A 7.6 magnitude earthquake in Mexico has triggered four-foot waves in Devils Hole in Death Valley.
The earthquake, which had its epicenter near the Colima-Michoacan border, struck around 11 a.m. Monday and affected the limestone cave that is home to the critically endangered Devils Hole pupfish.
The waves were expected, so a team prepared to capture the slosh on camera as part of the rare “desert tsunami.”
The earthquake took about 22 minutes to impact the water considering its origin was nearly 1,500 miles away.
Despite the rocking, all the pup fish were safe and taken care of.
“The pupfish have survived several of these events in recent years,” National Park Service aquatic ecologist Kevin Wilson told KTLA.
“We didn’t find any dead fish after the waves stopped,” Wilson added.
Nine years ago there were only 35 pup fish in the water.
Luckily, in March, scientists found that the total number of species in the caves was 175.
While shaking the waves at Devils Hole, the quake also agitated the sediment and rocks on the shallow shelf, removing much of the algal growth.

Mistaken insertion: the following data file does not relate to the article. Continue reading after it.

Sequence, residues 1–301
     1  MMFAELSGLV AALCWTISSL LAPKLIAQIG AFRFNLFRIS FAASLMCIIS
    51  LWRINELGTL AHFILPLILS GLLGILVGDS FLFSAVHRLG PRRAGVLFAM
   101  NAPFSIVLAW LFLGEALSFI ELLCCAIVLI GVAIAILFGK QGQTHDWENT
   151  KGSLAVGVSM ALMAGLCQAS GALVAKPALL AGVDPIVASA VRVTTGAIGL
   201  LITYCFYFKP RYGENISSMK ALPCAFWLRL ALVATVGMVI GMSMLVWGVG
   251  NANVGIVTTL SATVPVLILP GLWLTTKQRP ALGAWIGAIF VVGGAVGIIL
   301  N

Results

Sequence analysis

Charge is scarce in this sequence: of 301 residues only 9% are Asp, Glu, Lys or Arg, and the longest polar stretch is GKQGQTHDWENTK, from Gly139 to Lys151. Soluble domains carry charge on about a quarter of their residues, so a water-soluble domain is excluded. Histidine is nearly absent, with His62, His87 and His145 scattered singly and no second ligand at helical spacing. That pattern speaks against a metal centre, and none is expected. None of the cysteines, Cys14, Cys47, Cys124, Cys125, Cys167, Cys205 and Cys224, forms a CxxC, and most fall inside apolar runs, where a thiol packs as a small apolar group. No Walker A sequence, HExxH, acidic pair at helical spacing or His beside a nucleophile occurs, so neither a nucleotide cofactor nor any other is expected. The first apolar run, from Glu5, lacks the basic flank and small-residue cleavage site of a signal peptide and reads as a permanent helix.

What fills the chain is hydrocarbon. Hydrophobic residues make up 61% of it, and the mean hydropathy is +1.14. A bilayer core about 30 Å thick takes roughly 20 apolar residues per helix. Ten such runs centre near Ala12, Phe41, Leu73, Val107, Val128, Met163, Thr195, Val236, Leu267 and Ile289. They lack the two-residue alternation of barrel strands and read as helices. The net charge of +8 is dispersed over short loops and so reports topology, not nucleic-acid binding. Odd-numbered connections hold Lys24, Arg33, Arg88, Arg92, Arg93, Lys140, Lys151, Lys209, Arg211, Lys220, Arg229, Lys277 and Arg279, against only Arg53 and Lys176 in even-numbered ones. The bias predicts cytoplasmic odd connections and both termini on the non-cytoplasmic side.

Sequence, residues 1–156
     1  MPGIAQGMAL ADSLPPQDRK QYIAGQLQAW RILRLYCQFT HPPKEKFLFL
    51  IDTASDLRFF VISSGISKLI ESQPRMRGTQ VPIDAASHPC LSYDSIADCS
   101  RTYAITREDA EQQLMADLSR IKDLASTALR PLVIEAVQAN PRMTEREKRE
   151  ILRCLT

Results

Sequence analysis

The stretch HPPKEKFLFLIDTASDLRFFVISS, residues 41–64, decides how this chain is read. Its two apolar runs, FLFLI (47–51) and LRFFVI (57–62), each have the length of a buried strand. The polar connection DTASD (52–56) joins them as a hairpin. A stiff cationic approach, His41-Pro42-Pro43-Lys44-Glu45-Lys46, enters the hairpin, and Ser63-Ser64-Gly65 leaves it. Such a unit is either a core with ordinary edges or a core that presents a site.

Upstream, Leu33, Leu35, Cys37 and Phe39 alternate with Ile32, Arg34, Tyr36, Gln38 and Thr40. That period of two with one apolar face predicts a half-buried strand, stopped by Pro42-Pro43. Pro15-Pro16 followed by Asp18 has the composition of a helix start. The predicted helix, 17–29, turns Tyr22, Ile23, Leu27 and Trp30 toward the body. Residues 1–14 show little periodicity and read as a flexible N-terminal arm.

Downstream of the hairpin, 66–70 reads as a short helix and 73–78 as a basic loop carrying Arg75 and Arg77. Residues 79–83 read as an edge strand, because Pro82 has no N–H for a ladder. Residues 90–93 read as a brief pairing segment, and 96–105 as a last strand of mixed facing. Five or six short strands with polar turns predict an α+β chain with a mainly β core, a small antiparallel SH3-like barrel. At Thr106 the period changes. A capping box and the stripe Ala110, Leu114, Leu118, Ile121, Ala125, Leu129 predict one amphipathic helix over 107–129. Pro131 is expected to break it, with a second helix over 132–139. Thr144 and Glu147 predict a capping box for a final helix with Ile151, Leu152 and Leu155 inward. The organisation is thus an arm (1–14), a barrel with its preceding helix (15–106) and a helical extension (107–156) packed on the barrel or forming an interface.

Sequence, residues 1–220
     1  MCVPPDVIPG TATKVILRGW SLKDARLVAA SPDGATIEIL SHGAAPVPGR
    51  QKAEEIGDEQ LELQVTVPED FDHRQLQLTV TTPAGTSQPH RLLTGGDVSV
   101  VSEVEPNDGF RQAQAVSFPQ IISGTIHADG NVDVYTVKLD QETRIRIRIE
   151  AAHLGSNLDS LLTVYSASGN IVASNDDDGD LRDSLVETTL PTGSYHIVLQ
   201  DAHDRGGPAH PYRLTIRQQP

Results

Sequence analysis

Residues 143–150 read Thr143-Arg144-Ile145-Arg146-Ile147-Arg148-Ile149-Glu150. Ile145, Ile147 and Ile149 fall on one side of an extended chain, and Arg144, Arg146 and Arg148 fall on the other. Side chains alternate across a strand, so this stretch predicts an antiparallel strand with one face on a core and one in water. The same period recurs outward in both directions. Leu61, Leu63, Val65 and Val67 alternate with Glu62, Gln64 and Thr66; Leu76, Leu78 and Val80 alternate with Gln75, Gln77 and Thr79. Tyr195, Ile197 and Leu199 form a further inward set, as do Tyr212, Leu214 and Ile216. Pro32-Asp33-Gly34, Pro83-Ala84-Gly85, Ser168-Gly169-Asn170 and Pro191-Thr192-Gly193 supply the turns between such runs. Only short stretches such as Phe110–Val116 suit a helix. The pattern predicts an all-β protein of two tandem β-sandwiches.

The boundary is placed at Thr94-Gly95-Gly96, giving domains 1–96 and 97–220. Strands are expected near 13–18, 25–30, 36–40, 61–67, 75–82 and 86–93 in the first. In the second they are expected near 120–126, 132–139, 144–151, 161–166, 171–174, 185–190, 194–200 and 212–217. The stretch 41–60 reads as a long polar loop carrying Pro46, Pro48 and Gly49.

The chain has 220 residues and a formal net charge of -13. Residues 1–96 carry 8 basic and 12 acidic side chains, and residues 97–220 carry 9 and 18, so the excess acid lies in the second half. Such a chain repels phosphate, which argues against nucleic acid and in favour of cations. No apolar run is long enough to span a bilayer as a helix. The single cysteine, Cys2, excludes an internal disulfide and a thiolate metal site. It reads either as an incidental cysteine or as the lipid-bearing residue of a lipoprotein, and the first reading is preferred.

And while the pupfish survived the seismic event unscathed, they depend on the algae for survival.
This means that food for the rare fish will be limited in the short term.
This earthquake is also the third major quake to strike Mexico over the years on September 19, with tremors also occurring in 1985 and 2017.
“No, not again! My god, not again!” A couple who previously lost children in the 2017 earthquake when their school collapsed told NBC News of their reaction.
The recent earthquake was also deadly, killing two people.
https://www.the-sun.com/news/6279550/mexico-earthquake-waves-4-feet-tall-two-people-killed/ Shocking video following the Mexico earthquake shows the rare ‘desert’ tsunami in Death Valley with 4-foot waves 1,500 miles away